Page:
Multi & 2 Factor Authentication

Multi & 2 Factor Authentication

In today’s online environment, the primitive “username and password” approach to security is easy prey for cyber criminals. Many log-ins can be compromised in minutes, and private data (such as personal and financial details) is under increasing threat. So, when the best online security practices are being discussed, there’s always someone that brings up either two-factor authentication (2FA) and multi-factor authentication (MFA). This is because more and more online services are recognizing the need to ensure a higher level of security for online accounts. Two-factor authentication and multi-factor authentication add additional levels of user verification during the login process, making it a bit more difficult for hackers to gain access to these accounts.
Authentication Factors

In order to understand the differences between two-factor and multi-factor authentication, you need to first understand the concept behind an authentication factor. An authentication factor is a category of methods for verifying a user’s identity when requesting access to a system. Simply put, it makes sure that they are who they say they are.

Each category is considered a factor. But because usernames and passwords fall are under the same factor, when combined they form what is known as single-factor authentication (SFA). Overall, authentication factors can be divided into generally three categories: knowledge, possession, and inherence factors. There are more than just these categories but generally most online accounts utilize these three.

  • Knowledge authentication factor- includes information that only a user should know (username, password)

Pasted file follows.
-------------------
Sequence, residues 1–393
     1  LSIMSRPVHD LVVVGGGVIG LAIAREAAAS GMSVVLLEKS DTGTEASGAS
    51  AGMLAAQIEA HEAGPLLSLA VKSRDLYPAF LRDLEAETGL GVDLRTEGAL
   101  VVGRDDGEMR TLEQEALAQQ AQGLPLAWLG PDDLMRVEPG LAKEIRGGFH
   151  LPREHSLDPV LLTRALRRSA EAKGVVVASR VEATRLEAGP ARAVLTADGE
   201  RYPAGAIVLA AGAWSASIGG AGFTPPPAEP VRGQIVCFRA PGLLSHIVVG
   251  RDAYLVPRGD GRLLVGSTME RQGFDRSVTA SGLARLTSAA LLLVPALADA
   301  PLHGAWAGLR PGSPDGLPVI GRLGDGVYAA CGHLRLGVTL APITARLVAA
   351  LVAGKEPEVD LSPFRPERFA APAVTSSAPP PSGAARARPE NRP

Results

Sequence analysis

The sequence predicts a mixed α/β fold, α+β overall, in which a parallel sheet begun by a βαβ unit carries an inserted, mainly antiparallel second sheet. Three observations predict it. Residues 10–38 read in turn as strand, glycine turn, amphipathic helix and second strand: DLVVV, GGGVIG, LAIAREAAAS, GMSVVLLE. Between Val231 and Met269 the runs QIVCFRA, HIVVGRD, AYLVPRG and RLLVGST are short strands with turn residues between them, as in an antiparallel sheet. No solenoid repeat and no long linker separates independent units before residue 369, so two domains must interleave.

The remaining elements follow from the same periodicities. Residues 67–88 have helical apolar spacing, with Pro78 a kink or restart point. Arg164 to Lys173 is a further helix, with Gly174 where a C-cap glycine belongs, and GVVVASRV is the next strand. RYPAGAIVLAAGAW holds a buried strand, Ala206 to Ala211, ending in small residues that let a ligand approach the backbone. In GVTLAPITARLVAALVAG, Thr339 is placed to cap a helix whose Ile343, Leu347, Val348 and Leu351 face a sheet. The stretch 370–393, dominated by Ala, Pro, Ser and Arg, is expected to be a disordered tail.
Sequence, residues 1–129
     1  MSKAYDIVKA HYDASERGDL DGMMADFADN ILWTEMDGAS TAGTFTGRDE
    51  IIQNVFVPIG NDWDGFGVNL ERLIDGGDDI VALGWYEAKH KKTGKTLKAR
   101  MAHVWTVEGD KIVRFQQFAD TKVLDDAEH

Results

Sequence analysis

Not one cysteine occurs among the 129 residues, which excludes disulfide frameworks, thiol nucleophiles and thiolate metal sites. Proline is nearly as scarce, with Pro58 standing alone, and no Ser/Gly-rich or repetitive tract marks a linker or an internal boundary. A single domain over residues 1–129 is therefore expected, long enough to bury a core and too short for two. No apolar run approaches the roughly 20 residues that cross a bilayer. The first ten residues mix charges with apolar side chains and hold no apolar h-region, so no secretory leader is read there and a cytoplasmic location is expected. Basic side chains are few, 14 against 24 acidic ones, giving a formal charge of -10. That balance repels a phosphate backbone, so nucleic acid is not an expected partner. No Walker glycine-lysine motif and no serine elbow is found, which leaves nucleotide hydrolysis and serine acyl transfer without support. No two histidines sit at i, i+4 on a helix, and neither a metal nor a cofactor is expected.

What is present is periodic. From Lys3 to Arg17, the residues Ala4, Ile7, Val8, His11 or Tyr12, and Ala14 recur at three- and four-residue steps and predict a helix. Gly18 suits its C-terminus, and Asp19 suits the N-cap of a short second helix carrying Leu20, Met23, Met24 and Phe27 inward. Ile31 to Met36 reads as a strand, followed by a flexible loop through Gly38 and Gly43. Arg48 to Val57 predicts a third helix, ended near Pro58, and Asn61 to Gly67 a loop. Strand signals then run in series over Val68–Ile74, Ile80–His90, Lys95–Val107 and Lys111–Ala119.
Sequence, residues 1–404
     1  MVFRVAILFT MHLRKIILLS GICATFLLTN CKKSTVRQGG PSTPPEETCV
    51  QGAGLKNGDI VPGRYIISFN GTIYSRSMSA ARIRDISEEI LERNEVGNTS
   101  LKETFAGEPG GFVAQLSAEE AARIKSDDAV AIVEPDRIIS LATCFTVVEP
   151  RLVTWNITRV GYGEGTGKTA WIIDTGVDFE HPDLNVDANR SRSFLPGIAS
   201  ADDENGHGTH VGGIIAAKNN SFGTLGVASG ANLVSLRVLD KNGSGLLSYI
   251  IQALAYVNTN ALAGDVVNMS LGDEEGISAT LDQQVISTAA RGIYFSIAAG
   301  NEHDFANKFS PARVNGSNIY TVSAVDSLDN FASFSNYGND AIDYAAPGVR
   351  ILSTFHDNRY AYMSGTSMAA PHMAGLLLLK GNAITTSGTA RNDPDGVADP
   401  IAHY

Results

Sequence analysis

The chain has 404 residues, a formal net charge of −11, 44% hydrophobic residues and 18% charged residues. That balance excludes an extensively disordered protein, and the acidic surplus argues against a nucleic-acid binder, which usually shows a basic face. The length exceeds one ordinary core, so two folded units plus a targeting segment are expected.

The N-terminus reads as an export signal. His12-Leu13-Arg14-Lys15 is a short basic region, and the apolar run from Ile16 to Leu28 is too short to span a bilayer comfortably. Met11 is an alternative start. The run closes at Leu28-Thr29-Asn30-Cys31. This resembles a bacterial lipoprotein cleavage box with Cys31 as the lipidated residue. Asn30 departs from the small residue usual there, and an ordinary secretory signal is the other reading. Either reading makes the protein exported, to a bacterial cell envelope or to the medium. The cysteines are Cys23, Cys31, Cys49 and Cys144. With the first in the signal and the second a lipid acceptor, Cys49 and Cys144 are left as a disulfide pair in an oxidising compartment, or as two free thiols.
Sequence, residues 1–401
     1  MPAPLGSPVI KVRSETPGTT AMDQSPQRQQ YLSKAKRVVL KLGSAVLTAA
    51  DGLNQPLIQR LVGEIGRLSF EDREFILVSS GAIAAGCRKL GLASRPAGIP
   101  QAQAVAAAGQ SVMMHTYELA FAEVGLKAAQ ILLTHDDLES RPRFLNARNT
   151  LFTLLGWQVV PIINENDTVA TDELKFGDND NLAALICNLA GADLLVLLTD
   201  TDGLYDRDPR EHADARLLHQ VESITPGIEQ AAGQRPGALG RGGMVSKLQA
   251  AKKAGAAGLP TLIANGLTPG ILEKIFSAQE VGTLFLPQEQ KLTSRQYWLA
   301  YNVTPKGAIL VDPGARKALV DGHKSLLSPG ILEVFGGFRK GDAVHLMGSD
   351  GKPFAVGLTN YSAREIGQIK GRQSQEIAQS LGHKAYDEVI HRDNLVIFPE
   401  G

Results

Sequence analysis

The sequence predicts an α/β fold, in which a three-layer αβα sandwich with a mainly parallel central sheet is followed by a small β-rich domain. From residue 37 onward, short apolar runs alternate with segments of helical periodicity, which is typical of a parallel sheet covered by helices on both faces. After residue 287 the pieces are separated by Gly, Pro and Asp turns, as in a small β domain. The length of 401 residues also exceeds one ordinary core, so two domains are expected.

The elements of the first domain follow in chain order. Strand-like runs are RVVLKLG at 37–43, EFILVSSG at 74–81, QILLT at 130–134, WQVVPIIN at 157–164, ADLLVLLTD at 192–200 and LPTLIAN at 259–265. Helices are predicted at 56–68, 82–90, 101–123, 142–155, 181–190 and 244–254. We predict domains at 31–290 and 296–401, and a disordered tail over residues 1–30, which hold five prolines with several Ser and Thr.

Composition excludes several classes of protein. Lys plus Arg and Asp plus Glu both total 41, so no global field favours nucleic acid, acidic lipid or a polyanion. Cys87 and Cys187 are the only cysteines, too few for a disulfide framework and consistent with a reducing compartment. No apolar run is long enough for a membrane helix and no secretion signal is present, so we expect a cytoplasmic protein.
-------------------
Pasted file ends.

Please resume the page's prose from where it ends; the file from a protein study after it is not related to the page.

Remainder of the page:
• Possession authentication factor- includes credentials retrieved from a user’s physical possession, usually in the form of a hardware device (security token, software token or mobile phone used)
  • Inherence authentication factor- includes a user’s identifiable biometric characteristic (fingerprint, voice, iris scan)
Multi-factor authentication (MFA) is a method of confirming a user’s claimed identity in which a computer user is granted access only after successfully presenting two or more pieces of evidence (or factors) to an authentication mechanism: knowledge (something the user and only the user knows), possession (something the user and only the user has), and inherence (something the user and only the user is).Two-factor authentication (also known as 2FA) is a type, or subset, of multi-factor authentication. It is a method of confirming users’ claimed identities by using a combination of two different factors: 1) something they know, 2) something they have, or 3) something they are.
When should I use MFA?

Stopping all online crime is not a realistic goal, but simple steps can massively reduce the likelihood you’ll be the next victim.

You should use MFA whenever possible, especially when it comes to your most sensitive data—like your primary email, your financial accounts, and your health records. While some organizations require you to use MFA, many offer it as an extra option that you can enable—but you must take the initiative to turn it on.

Turn on 2 Factor Authentication in GSuite
Turn on 2 Factor Authentication for Office 365
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